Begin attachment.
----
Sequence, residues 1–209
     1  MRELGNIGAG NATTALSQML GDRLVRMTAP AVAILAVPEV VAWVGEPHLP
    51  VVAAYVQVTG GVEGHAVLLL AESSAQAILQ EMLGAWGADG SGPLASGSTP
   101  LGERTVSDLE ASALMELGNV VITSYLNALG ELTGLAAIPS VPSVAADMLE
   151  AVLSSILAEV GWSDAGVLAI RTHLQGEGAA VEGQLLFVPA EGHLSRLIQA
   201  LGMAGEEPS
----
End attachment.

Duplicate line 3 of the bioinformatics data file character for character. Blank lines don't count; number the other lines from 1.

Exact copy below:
    51  VVAAYVQVTG GVEGHAVLLL AESSAQAILQ EMLGAWGADG SGPLASGSTP